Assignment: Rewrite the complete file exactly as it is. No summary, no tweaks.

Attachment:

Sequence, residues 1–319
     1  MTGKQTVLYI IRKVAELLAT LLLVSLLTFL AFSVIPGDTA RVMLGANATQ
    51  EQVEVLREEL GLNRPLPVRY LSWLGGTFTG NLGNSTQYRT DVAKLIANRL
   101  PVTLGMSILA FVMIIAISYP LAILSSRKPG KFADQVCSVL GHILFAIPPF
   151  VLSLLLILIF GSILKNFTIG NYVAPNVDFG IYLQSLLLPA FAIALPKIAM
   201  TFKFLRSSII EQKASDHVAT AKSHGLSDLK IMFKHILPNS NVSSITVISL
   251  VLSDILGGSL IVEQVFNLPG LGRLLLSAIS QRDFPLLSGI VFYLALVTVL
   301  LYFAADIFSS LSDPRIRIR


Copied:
Sequence, residues 1–319
     1  MTGKQTVLYI IRKVAELLAT LLLVSLLTFL AFSVIPGDTA RVMLGANATQ
    51  EQVEVLREEL GLNRPLPVRY LSWLGGTFTG NLGNSTQYRT DVAKLIANRL
   101  PVTLGMSILA FVMIIAISYP LAILSSRKPG KFADQVCSVL GHILFAIPPF
   151  VLSLLLILIF GSILKNFTIG NYVAPNVDFG IYLQSLLLPA FAIALPKIAM
   201  TFKFLRSSII EQKASDHVAT AKSHGLSDLK IMFKHILPNS NVSSITVISL
   251  VLSDILGGSL IVEQVFNLPG LGRLLLSAIS QRDFPLLSGI VFYLALVTVL
   301  LYFAADIFSS LSDPRIRIR